There are a number of additional details worth mention. First, Vol. 2 happens shortly after the events of the original film. Since Guardians takes place far away from Earth and doesn’t connect directly to the larger MCU, Gunn was able to adjust the timeline to fit his story needs. Secondly, Gunn was actually concerned about pitching Baby Groot (and other strange characters) in the film.
“When I approached Marvel Studios with my idea for Vol. 2 I was afraid of the involvement of Ego the Living Planet – a rather, uh, broad character in the 616 universe of Marvel Comics. I was afraid of the inclusion of Mantis and Ayesha, and more prominent roles for Nebula and Yondu. But I was even more afraid of approaching them with the concept that Baby Groot, and not Groot, would be a member of the Guardians of the Galaxy. Yes, perhaps it seems like a hole-in-one idea now, but Groot was the most popular character in the first film, and sometimes when something works studios are more than a little reluctant to change.”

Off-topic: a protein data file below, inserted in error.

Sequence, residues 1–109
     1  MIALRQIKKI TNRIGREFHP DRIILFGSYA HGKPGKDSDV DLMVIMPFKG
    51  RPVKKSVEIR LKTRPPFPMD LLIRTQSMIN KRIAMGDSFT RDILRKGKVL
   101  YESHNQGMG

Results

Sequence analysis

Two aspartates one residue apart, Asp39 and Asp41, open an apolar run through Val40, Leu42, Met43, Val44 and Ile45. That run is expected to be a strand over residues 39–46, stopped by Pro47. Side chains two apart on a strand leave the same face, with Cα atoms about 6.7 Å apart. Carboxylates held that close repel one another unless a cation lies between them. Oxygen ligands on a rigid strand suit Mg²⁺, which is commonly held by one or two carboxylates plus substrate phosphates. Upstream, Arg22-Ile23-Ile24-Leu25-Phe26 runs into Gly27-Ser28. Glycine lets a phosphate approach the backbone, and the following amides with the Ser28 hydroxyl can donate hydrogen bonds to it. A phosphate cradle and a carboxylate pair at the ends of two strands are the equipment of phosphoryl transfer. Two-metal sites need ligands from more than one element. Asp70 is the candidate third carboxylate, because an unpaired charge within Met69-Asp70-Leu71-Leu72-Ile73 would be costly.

Fortunately, Marvel, like Gunn valued rich character development over the “safe” road. One of the reasons Guardians of the Galaxy connected with audiences was its lovable characters; watching them slowly bond and grow as a team added deep emotional layers to what could have easily been a shallow spectacle. Baby Groot was a necessary inclusion, in part because Gunn wanted to jump right back into the story and examine the Guardians evolution as a family, along with all the quirkiness, tension, and messiness that comes with it.